Nguyen gives us a snapshot of life for a family who are coping with adapting to a new culture in a new country, doing everything they can to assimilate without losing their culture. But when their daughter is struck by a sudden medical crisis, they all must figure out how to understand what is happening and how to cope.
I was struck by the raw truth of Ahn’s bipolar disorder and how it impacted her relationships and her hopes and dreams. The initial crisis she suffers is well documented from all sides, her own fears, her parents uncertainty and her doctor’s desire to help. What is also really well illustrated is the lack of clear communication about the fact that this is a lifelong condition and that while genetics play a role, it is not a blame game situation. It is hard to read Ahn’s parents questioning what they have done wrong and how their actions have led to the life they lead and Ahn’s struggles. The exploration of culture on mental illness and how it impacts understanding is really well done. I appreciated the depiction of Ahn’s struggle to feel her true self was blunted by the medication and how her self harm offered relief but real dangers.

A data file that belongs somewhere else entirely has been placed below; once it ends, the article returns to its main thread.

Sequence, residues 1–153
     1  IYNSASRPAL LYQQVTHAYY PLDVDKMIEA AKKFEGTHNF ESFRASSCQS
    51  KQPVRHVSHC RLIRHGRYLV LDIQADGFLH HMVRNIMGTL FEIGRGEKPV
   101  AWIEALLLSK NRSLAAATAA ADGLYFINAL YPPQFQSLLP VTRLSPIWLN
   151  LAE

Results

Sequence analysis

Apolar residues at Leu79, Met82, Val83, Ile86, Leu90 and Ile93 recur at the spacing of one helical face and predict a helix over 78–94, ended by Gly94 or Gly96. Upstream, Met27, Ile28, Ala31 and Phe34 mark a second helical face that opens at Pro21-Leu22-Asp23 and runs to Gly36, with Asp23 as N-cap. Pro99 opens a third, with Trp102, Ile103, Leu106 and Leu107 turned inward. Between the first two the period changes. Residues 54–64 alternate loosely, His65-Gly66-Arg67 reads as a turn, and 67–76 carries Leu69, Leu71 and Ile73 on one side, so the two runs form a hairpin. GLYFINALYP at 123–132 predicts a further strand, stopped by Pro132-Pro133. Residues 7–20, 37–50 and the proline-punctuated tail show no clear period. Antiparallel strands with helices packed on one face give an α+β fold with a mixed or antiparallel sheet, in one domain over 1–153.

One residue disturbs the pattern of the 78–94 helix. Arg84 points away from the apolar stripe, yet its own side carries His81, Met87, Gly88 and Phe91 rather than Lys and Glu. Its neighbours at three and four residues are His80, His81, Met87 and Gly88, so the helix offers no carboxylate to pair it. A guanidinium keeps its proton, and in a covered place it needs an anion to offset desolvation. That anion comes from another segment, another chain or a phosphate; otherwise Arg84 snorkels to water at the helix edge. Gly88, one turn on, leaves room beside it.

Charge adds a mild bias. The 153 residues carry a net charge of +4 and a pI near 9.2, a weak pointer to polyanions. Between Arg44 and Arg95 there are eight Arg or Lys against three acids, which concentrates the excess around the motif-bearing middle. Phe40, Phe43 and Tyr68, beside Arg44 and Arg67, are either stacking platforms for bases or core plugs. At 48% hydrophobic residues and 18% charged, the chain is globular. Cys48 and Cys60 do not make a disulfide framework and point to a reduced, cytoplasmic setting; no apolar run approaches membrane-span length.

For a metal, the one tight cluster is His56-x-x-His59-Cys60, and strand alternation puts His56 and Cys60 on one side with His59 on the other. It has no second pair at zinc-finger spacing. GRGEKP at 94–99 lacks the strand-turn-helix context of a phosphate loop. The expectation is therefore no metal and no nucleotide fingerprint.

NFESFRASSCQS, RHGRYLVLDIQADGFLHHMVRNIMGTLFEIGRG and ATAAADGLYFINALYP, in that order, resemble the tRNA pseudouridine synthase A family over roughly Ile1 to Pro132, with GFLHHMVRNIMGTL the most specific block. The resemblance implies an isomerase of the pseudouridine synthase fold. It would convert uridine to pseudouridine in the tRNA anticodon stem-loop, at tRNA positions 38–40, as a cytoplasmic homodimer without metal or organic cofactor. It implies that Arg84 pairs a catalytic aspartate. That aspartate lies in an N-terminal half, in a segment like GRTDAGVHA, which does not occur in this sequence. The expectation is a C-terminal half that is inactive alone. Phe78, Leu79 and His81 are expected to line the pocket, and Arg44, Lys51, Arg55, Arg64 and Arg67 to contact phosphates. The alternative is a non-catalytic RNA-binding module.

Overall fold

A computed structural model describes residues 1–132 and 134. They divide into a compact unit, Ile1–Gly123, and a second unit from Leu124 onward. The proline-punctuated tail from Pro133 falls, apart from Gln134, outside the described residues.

This is the perfect read for both AAPI Heritage Month and Mental Health Awareness month, it covers both topics and how they interplay perfectly. There are a lot of serious topics here so proceed with caution, however if you have someone in your life with mental illness, this may help build empathy.
Thanks to Book Publicity Services and the author for the gifted copy. All opinions above are my own.
If you could move to another country, which one would you choose?